Eco-friendly wrapping paper: how to make your own this Christmas

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Over 100 million bags of waste go to landfill every Christmas in UK, according to waste management company Biffa.

From this, three and a half black bags full of festive wrappers are thrown away through household – and that means wrapping paper.

Add to that plastic duct tape, glitter embellishments and plastic tape, and the way we wrap gifts is a disaster for the environment.

A recent survey found that more than half of the nation wants a greener Christmas this year as concerns grow about the amount of waste produced.

An easy way to cut down on the amount you throw away, while still being creative, is to make your own eco-friendly gift wrap.

Here is our practical guide to wrapping gifts without polluting the environment:

Find alternatives to wrapping paper

Brown parcel paper is the safest, most recyclable packaging available – and it’s cheap and easy to find.

It also gives that nice nostalgic feel to your gifts. But if you feel like they look a bit simple, you can add acetate ribbon in different colors wrapped around the gift and tied with a bow at the top.

Using magazines and newspapers are also great packaging alternatives and give your gifts a colorful and vintage look.

Search by recycling company The first mile, which eliminates hard-to-recycle waste, found too much packaging topped people’s lists of Christmas scarecrows.

Another solution is therefore to simply reuse the packaging in which your orders arrive. Wrap the box in brown paper if it is covered with logos or address labels. Tissue paper, shredding, and padding can also be salvaged from your online orders, so think about it before throwing it aside.

Alternatively, keep the wrapping from the gifts you received last Christmas in a drawer and collect it for reuse this year.

Some decorative touches

In addition to ribbons, you can brighten up your gifts a bit by printing them with stamps.

But keep in mind that not all paints are environmentally friendly. Water-based paints do not release toxins so this is the best option, or you can experiment with food / vegetable dyes.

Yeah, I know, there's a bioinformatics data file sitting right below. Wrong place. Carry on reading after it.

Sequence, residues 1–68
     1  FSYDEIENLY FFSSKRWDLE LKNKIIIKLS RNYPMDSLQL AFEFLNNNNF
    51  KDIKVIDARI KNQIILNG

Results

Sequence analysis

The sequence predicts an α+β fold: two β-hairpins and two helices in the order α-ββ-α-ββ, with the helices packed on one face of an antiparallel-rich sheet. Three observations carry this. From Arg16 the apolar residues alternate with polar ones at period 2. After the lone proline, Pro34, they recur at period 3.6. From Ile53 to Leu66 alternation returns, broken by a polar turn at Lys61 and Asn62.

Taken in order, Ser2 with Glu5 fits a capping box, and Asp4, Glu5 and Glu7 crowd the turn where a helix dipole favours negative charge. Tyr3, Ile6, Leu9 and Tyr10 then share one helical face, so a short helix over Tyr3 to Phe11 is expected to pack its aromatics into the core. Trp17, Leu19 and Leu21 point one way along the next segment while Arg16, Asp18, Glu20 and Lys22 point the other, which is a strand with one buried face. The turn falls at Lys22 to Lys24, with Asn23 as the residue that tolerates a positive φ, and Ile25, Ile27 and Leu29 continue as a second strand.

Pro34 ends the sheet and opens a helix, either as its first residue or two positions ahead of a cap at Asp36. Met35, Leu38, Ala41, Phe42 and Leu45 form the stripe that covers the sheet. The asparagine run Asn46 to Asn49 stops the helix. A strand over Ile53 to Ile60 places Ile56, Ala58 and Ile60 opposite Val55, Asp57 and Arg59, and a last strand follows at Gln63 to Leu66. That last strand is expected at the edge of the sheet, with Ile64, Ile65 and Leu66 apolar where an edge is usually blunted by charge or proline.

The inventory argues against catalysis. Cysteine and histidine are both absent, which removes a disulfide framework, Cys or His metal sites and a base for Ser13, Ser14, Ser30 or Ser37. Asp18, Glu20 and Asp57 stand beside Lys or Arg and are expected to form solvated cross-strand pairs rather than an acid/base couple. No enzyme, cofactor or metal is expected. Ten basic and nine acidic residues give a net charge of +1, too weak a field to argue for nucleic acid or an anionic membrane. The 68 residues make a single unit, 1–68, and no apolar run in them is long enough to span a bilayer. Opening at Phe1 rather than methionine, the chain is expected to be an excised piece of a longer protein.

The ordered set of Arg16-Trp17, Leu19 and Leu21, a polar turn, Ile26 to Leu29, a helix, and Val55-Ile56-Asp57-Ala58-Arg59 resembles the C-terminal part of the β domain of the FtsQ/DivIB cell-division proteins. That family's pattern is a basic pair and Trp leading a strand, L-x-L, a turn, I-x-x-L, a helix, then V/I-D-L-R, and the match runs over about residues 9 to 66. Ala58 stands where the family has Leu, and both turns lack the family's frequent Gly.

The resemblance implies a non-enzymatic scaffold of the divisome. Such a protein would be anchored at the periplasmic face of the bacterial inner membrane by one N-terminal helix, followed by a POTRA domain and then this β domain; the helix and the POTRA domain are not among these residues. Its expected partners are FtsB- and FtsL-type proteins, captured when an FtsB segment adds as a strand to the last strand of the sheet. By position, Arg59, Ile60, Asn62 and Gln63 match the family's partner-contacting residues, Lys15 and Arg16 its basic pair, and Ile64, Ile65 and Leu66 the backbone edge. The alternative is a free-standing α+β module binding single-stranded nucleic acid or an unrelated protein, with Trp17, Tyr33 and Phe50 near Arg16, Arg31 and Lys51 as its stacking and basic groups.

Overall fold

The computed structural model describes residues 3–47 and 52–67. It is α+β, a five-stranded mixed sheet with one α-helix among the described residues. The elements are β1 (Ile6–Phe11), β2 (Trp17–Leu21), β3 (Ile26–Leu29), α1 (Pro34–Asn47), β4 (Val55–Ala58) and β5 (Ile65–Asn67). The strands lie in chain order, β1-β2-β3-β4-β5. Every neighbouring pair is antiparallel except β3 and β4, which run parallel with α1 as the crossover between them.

Recyclable twine or paper tape are also great for decorating and you can even draw yourself – it’s time to get out those old markers.

Go for paper labels

Paper labels are inexpensive and widely available, so they are better than plastic options, but they are single-use items.

Instead, don’t forget to save the Christmas cards you receive this year and recycle them next year by cutting them into gift tags.

Ditch the duct tape

Make it guilt-free gift wrap with biodegradable plastic-free tape.

It’s relatively easy to get hold of and can even be bought in some supermarkets for around £ 2 (€ 2.40) a roll. Or if you’re up for a challenge, take a look at some of the nifty ways to wrap gifts without any adhesives.

It’s all about the folding with this Japanese origami technique …

Embellish your gifts with real holly or Christmas tree cuttings

Leave the embellishments until the last minute and go on a festive stroll this Christmas Eve to seek out some fresh organic embellishments.

Holly or Christmas tree cuttings make lovely rustic decorations and are of course 100% biodegradable. Just be careful not to prick yourself on that holly.

Fabrics also work

Make your gift doubly useful by wrapping it in something the recipient can reuse, such as a pretty scarf, tablecloth or tote bag.

You can also reuse scraps to wrap gifts or sew in a gift bag.

Show us your eco-friendly gift wrap and tag us on social media at @euronewsgreen.



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